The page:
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# Geometry

Kristen Dyksterhouse

3-D Solids: CYLINDER
Real World Problem Solving &
Problem Finding Using Pop
Cans!
Essential Question:
How can we find the surface
area and volume of cylinders?

Lesson Objectives:
1. Find the Volume of the Pop Cans
2. Convert Cubic Inches to Fluid Ounces
3. Understand which can has more pop and what it means for consumers
4. Find the Surface Area of the Pop Cans (Maybe)
5. Find the How Much More Pop do You get in an 8-Pack of Pepsi (maybe)

Connection to Common Core:
G-1.8.1: Solve multistep problems involving surface area and volume of pyramids, prisms, cones, cylinders,
hemispheres, and spheres.
Lesson Essential Question:
Which can has more pop?
Which can is bigger?
Which can gives you a bigger bang for your buck?
Differentiation:
Videos: Conveying Data
Photos: Measurement by comparing to 12 oz can &
Photos with Cans with actual measurements
Learned:
Surface Area and Volume of 3-D
Solids focusing on Prisms (cube,
rectangular, and triangular),
Cylinders (right), Cones (right),
Pyramids (square), and Spheres.
Learning: (Focus on Cylinder)
How does volume affect consumer
choices?
Using surface area, what is the
cost of producing product
packages?
Will Learn:
Students are ending the unit on
surface area and volume of 3-D
figures. Headed toward summer
vacation but will apply learning
in algebra and real-world.
Accommodations: Assistance from an ELL paraprofessional, and the use of photos and words to convey message.
Also, allowing students to interpret the lesson as it makes sense to them and having them diagnose the problem as
they understand it rather than me telling them what to do.
Geometry
Kristen Dyksterhouse

Lesson Plan:

Bell Ringer: What is Changing Inquiry Activity

Hook: Video (Act 1)- Students explain what they are wondering. I am anticipating that students will either inquire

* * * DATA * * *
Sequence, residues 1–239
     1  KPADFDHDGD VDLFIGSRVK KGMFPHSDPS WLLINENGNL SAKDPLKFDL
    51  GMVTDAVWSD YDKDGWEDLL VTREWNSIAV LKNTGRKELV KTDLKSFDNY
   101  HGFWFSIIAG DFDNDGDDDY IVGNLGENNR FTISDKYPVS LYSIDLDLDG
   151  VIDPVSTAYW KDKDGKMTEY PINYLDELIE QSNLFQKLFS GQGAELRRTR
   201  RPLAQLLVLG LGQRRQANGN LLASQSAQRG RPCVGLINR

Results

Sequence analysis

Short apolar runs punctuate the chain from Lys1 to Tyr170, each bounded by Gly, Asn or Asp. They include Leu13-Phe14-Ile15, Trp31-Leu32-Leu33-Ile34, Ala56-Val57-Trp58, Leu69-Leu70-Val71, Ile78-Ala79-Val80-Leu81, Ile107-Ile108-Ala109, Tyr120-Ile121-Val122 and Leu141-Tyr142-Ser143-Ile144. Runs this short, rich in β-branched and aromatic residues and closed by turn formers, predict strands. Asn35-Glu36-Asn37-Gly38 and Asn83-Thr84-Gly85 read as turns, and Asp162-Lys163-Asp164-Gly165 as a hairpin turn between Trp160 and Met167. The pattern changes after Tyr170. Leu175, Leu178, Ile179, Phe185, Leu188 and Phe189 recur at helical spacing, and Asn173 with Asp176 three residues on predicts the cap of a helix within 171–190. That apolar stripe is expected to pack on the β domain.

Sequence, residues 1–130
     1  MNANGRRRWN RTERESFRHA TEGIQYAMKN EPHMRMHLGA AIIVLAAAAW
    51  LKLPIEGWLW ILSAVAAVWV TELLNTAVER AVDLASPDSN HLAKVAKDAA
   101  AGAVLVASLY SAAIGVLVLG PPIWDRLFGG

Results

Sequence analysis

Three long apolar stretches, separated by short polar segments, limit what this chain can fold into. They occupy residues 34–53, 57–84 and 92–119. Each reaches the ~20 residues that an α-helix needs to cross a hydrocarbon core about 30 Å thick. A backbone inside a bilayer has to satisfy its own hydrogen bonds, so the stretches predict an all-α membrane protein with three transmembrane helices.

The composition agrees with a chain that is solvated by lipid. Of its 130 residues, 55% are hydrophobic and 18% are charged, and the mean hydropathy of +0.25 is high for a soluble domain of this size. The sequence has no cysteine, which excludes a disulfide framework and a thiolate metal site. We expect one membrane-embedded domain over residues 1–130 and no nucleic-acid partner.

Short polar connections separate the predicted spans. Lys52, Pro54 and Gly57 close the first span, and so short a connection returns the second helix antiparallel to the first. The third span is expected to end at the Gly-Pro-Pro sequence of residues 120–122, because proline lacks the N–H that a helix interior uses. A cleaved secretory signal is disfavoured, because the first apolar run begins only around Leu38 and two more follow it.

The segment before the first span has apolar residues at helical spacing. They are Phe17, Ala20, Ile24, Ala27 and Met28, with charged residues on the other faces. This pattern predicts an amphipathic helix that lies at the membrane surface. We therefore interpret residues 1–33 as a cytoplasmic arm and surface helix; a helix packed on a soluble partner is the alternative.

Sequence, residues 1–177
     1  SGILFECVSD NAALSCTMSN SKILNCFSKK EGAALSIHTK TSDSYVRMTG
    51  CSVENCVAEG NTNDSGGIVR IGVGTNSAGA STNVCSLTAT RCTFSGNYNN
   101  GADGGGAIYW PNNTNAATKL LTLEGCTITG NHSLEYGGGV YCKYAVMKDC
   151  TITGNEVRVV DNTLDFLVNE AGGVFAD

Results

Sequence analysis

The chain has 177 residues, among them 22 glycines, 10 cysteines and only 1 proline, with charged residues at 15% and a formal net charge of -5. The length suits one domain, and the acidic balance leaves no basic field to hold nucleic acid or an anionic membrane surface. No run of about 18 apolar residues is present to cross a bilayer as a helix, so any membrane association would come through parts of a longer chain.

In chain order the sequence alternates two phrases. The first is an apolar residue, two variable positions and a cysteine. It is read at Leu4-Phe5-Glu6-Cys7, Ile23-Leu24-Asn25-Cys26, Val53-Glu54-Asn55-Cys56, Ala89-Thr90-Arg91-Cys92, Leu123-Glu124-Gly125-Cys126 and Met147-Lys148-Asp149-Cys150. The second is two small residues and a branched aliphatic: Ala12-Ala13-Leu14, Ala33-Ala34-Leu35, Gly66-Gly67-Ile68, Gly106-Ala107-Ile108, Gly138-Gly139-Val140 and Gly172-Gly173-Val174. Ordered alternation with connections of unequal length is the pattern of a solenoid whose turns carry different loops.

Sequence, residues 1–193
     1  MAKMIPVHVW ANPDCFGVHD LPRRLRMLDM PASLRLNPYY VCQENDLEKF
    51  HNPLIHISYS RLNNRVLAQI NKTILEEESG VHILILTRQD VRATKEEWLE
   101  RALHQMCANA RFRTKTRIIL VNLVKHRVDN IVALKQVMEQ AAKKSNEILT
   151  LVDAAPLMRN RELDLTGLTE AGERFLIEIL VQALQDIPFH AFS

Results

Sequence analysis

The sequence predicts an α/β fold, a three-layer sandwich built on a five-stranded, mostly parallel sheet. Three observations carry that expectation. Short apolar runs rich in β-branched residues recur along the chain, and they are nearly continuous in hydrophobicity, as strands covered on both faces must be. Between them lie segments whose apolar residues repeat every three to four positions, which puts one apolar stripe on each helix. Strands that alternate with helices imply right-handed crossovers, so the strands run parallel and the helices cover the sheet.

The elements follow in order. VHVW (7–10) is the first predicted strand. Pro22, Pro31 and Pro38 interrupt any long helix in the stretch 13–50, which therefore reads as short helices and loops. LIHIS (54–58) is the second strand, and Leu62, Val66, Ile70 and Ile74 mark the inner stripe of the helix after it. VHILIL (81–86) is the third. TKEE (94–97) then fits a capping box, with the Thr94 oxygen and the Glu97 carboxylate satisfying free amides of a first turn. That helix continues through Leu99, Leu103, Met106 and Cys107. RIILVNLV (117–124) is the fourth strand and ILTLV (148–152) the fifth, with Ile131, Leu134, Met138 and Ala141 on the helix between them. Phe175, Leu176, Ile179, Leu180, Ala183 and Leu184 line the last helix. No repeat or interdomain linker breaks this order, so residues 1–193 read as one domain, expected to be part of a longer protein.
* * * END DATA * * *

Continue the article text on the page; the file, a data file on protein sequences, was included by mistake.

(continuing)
about volume or surface area, both tracks I am willing to head down. We also have the possibility to explore unit cost
(how much does one can cost) or unit rate (which 8 pack has more pop and how much more does it have?).

Act 2: The learners will use the formula for volume of a cylinder or surface area of a cylinder to figure out which can
has more pop. They will need to convert cubic inches to fluid ounces (I will provide the conversion). Finding the
volume and/or surface area should be a review since they have been learning these topics throughout the month of
May; however, we are applying it to a product so it will require some critical thinking and skill application (practicing
skills).

Act 3- New Learning: Were we right? Relate the Lesson to Consumer Packaging & Marketing

New Learning/Practice: Think about packaging in your home. How could you redesign the package for a company? I
am hoping the learners will discuss whether companies want more or less surface area for packaging and whether
they want more or less volume in their packages.

Exit Slip: Reflect on a product. Rate the lesson.

Homework: #1-6
Geometry
Kristen Dyksterhouse

Act 1:

Act 2:

Act 3:

Product:

How could Miss D do the lesson better next time?

Geometry
Kristen Dyksterhouse

Instructional Plan
- Begin the lesson by asking the following questions:
o What is changing? Why?
Students may answer the size, shape, design, or other various answers
o Why do soups and pops and other food containers come in cylindrical containers?
Students may answer that the containers are easier to open, easier to make, cheaper, you can fit more
food in a cylinder, or other various answers
o What kind of container do pop cans come in?
Students will probably suggest cardboard boxes?
o Why are we putting cylindrical cans in a prism container? Doesnt that leave extra, unused space?
This question is really to get students ready for Act 1. It should prep them to think about product design